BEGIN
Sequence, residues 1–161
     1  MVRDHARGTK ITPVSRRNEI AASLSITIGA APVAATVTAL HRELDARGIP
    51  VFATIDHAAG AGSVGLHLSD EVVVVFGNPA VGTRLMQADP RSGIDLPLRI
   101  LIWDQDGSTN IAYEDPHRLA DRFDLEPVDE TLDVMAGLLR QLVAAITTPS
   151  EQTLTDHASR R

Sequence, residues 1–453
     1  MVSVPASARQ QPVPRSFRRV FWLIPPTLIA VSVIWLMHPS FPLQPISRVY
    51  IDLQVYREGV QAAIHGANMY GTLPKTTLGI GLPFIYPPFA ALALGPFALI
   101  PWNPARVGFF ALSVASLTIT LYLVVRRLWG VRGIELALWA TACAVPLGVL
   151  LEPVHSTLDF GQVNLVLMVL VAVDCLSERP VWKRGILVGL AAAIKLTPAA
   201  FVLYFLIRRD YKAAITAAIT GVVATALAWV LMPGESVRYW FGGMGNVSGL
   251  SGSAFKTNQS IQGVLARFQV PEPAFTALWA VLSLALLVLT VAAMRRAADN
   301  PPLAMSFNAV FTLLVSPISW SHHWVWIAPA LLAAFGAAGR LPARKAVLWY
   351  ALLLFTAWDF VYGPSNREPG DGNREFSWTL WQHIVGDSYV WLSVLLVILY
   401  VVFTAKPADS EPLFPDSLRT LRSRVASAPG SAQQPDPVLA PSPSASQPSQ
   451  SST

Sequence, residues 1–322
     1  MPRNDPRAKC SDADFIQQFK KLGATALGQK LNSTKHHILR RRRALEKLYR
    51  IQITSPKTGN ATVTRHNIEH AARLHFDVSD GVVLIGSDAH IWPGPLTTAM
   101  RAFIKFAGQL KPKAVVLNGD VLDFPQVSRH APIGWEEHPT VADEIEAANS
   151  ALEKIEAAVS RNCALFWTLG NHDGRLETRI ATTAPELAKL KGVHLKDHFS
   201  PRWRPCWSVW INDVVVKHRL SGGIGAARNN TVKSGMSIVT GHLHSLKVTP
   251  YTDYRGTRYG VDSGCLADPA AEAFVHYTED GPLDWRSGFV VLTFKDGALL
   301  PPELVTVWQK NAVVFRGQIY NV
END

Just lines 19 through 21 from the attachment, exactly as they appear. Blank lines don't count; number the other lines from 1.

    51  IQITSPKTGN ATVTRHNIEH AARLHFDVSD GVVLIGSDAH IWPGPLTTAM
   101  RAFIKFAGQL KPKAVVLNGD VLDFPQVSRH APIGWEEHPT VADEIEAANS
   151  ALEKIEAAVS RNCALFWTLG NHDGRLETRI ATTAPELAKL KGVHLKDHFS